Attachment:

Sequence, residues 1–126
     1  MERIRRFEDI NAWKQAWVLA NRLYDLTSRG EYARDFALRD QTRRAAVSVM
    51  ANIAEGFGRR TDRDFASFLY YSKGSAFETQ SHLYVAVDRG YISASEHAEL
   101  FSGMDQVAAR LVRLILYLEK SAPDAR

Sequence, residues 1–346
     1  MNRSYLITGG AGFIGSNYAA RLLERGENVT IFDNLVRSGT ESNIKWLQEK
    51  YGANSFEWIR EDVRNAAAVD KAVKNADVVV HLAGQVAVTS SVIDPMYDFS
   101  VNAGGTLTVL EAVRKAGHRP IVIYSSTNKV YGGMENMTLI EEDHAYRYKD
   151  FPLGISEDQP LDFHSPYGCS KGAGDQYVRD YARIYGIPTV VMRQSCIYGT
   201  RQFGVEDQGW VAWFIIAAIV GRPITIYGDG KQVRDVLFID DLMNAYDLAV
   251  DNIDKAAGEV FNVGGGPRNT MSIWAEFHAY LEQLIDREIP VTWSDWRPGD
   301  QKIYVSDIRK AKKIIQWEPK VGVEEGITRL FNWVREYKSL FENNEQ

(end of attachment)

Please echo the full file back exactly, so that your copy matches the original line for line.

Sequence, residues 1–126
     1  MERIRRFEDI NAWKQAWVLA NRLYDLTSRG EYARDFALRD QTRRAAVSVM
    51  ANIAEGFGRR TDRDFASFLY YSKGSAFETQ SHLYVAVDRG YISASEHAEL
   101  FSGMDQVAAR LVRLILYLEK SAPDAR

Sequence, residues 1–346
     1  MNRSYLITGG AGFIGSNYAA RLLERGENVT IFDNLVRSGT ESNIKWLQEK
    51  YGANSFEWIR EDVRNAAAVD KAVKNADVVV HLAGQVAVTS SVIDPMYDFS
   101  VNAGGTLTVL EAVRKAGHRP IVIYSSTNKV YGGMENMTLI EEDHAYRYKD
   151  FPLGISEDQP LDFHSPYGCS KGAGDQYVRD YARIYGIPTV VMRQSCIYGT
   201  RQFGVEDQGW VAWFIIAAIV GRPITIYGDG KQVRDVLFID DLMNAYDLAV
   251  DNIDKAAGEV FNVGGGPRNT MSIWAEFHAY LEQLIDREIP VTWSDWRPGD
   301  QKIYVSDIRK AKKIIQWEPK VGVEEGITRL FNWVREYKSL FENNEQ